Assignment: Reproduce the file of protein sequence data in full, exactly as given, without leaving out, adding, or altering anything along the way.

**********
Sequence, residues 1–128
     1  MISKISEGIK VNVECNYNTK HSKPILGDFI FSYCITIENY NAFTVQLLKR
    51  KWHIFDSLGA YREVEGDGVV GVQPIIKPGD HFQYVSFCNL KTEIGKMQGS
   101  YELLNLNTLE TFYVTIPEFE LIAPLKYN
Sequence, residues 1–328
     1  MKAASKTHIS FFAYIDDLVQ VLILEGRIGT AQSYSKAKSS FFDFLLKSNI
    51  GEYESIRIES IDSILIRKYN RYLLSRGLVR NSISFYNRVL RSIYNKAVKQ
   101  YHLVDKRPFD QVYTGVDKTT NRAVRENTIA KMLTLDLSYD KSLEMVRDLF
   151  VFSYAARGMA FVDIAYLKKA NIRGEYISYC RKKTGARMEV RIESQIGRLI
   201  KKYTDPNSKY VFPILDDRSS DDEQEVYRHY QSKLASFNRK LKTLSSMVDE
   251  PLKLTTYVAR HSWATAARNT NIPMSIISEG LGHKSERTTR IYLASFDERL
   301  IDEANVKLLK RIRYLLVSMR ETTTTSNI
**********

Sequence, residues 1–128
     1  MISKISEGIK VNVECNYNTK HSKPILGDFI FSYCITIENY NAFTVQLLKR
    51  KWHIFDSLGA YREVEGDGVV GVQPIIKPGD HFQYVSFCNL KTEIGKMQGS
   101  YELLNLNTLE TFYVTIPEFE LIAPLKYN
Sequence, residues 1–328
     1  MKAASKTHIS FFAYIDDLVQ VLILEGRIGT AQSYSKAKSS FFDFLLKSNI
    51  GEYESIRIES IDSILIRKYN RYLLSRGLVR NSISFYNRVL RSIYNKAVKQ
   101  YHLVDKRPFD QVYTGVDKTT NRAVRENTIA KMLTLDLSYD KSLEMVRDLF
   151  VFSYAARGMA FVDIAYLKKA NIRGEYISYC RKKTGARMEV RIESQIGRLI
   201  KKYTDPNSKY VFPILDDRSS DDEQEVYRHY QSKLASFNRK LKTLSSMVDE
   251  PLKLTTYVAR HSWATAARNT NIPMSIISEG LGHKSERTTR IYLASFDERL
   301  IDEANVKLLK RIRYLLVSMR ETTTTSNI